Our Hidden Economic Challenge: Income Volatility
There are a lot of things we could be doing to smooth the ups and downs for today's just-in-time workforce.
Unemployment is back down to near-historic lows -- 4.3 percent nationwide and a bit lower in my own city of Columbia, S.C. Why, then, are so many of my hard-working constituents, and Americans nationwide, so anxious about money? Stagnant wages and rising inequality are parts of the story, but there is an equally pernicious trend that gets almost no attention: income volatility.
We live in an economy increasingly dominated by just-in-time workers, and the swings can be wrenching. Think of the hourly worker whose hours are slashed when business slows down, the parent who gets hit with an unexpected hospital bill, or the Uber driver who has a slow week. Think of all of the "independent contractors" who have no sick leave, no health insurance and no job security. Income volatility also affects millions of full-time employees, from salespeople who work on commission to factory workers who get laid off during slow periods.
According to an Urban Institute report, roughly a quarter of American families suffer a major disruption to their income each year. Nearly one in five of those families suffer an income drop of 50 percent or more. Volatility is especially traumatic for low-wage workers. And according to studies by the Aspen Institute, about half of low-wage workers are subject to precarious scheduling: they get little advance notice of changes in shifts or the number of hours they will work. For people living paycheck to paycheck, even short swings can cause long-lasting disruptions.
I saw this stress firsthand last summer when the city of Columbia hosted a conference on income volatility in coordination with the Aspen Institute's Financial Security Program and LendUp, a socially responsible financial-services firm.
We brought together elected officials, local business leaders, community advocates and policy experts. But we also heard from residents. "Stress is at the top of the list," one mother recounted. "You can't even think through in a rational way to work things out because you don't have the energy or focus."
"I can't even afford to get sick," said a resident working his way through college. "I had to quit going to school just so I could afford to pay rent."
One young mother recounted how she got fired after trying to care for her sick child. "They didn't want to hear the excuse," she said. Another mother with a sick child said she was forced to take out a high-cost "title loan" secured by her car. "I am still paying it off,'' she said. "I think I'm going to give the car back."
What can we do? We can't erase income volatility, but we can tame its impact. This will require bold thinking and collaboration across all sectors: elected officials, the business community, the financial-services industry, community advocates, nonprofit leaders and our own public employees.
As the mayor of Columbia, I oversee a municipal enterprise that employs more than 2,000 people. To that end, we are exploring a range of new strategies that could serve as a model for other employers. One simple idea: offer employees training in money management during work hours. There are a number of useful tools to help people prepare for volatility, but employees are often too busy or tired to think about those issues after work.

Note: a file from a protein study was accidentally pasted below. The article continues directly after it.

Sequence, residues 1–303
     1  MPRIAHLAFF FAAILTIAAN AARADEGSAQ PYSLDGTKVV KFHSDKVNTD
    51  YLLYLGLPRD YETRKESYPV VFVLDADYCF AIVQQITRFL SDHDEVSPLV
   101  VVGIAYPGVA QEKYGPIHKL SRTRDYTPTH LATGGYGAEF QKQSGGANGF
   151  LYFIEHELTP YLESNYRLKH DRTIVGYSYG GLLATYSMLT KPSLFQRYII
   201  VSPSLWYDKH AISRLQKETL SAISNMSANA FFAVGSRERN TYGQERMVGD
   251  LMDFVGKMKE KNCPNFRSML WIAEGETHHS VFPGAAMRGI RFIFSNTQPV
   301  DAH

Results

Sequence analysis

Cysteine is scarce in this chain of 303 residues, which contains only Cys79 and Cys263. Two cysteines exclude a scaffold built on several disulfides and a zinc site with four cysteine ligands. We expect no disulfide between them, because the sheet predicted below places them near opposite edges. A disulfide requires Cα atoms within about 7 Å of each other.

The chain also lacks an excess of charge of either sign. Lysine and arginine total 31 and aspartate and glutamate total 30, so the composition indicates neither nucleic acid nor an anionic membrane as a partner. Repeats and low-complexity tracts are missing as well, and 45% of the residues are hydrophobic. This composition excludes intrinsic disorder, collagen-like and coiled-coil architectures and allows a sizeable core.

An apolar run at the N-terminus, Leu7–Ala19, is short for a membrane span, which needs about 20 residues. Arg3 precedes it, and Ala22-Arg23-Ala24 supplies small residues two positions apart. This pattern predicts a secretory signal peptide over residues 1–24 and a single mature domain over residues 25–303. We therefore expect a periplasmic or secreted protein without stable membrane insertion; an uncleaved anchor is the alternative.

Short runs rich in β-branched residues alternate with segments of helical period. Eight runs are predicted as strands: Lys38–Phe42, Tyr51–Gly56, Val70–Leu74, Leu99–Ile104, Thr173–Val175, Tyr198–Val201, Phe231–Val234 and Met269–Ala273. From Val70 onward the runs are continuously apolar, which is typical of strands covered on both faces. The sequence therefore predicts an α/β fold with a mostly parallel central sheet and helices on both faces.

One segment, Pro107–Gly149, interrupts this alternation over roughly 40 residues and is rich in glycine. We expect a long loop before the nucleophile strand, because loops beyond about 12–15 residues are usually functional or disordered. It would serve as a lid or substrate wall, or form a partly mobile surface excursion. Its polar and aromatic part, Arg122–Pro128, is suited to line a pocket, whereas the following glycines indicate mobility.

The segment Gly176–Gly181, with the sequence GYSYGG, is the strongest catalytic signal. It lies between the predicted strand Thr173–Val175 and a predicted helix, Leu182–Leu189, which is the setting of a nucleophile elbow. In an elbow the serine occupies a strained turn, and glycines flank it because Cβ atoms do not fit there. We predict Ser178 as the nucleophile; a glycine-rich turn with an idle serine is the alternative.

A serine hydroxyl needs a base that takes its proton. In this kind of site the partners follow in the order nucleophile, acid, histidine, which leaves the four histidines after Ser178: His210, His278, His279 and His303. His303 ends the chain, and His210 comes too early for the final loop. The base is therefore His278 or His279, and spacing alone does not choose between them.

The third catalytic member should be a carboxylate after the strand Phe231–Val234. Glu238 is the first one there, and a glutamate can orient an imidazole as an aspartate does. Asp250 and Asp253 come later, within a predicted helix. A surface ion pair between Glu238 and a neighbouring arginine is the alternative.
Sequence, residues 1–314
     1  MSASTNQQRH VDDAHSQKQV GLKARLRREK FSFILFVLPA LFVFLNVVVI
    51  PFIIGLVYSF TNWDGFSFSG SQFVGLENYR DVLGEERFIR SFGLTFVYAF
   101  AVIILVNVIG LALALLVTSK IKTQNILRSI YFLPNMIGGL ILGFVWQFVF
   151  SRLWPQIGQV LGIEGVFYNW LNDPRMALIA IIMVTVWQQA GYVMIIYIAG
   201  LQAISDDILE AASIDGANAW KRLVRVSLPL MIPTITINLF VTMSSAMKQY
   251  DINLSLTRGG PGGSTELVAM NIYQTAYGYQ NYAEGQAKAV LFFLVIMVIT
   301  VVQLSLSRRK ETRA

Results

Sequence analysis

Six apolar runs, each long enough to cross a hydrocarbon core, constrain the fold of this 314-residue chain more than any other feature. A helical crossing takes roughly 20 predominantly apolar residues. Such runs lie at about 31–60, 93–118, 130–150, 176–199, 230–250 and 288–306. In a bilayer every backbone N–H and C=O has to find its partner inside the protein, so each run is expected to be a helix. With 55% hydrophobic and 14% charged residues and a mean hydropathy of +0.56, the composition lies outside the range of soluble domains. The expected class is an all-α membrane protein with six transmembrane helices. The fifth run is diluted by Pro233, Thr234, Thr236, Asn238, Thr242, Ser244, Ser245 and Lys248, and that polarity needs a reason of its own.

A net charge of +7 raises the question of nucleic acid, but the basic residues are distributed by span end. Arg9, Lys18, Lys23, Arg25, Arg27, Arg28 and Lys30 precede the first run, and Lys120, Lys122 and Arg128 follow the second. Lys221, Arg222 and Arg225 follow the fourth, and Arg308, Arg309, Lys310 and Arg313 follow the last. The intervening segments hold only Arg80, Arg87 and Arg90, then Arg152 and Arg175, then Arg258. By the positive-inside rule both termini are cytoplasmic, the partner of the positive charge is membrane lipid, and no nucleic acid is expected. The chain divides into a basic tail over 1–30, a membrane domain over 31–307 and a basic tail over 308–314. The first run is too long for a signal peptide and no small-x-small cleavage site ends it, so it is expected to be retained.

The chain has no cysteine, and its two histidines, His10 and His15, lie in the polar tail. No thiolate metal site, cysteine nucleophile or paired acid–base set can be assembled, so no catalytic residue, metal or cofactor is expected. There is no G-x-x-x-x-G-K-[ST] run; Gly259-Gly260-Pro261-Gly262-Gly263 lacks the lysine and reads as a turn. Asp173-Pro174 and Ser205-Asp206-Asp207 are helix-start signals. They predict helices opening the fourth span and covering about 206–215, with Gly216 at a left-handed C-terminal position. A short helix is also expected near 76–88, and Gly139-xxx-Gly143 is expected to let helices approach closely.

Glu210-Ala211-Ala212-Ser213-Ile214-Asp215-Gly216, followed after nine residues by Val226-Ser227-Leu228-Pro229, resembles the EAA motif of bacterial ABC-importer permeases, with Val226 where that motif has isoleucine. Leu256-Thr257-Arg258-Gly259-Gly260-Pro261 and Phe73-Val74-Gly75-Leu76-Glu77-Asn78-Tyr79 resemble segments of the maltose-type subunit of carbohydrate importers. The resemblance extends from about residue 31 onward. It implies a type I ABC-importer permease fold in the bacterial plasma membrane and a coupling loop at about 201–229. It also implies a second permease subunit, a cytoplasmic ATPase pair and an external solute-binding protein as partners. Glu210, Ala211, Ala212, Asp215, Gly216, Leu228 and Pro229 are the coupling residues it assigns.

We also are looking at a pilot program to spur savings and homeownership among city employees. The plan is to offer "lunch and learn" seminars on a wide range of topics, from budgeting to credit management, and to link that with financial incentives for saving and support for down payments on homes purchased in targeted areas.
Employers need to think creatively about ways they can improve financial stability. Something as easy as switching from biweekly to weekly paychecks can help. But why stop there? Perhaps it's possible to smooth the monthly income of people who earn uneven but predictable amounts of overtime pay. If electricity customers can average out their bills over the year, why couldn't employees average out their overtime? Employers could also give their workers more advance notice about changes to their schedules or the number of hours they can expect. New York City recently enacted a law that requires exactly that.
Financial-services companies can help too. As Sasha Orloff, co-founder and CEO of LendUp, has noted, today's financial-services industry doesn't serve the needs of more than half of Americans, those who don't have access to things like debit or credit cards. Financial-services companies have a huge opportunity to innovate on behalf of these consumers, and some are already working on new ideas. Among them: safer alternatives to "payday" loans.
Government also should do more to adapt safety-net programs to the needs of today's workforce. Unemployment insurance helps only about one in five people who lose their jobs, and it does absolutely nothing for people whose hours are cut back. The federal Earned Income Tax Credit provides thousands of dollars to low-income working families -- but only once a year.
Neither the just-in-time labor economy nor the other causes of income volatility are likely to fade anytime soon. The good news is that creative solutions are possible, but they require bold thinking on all sides.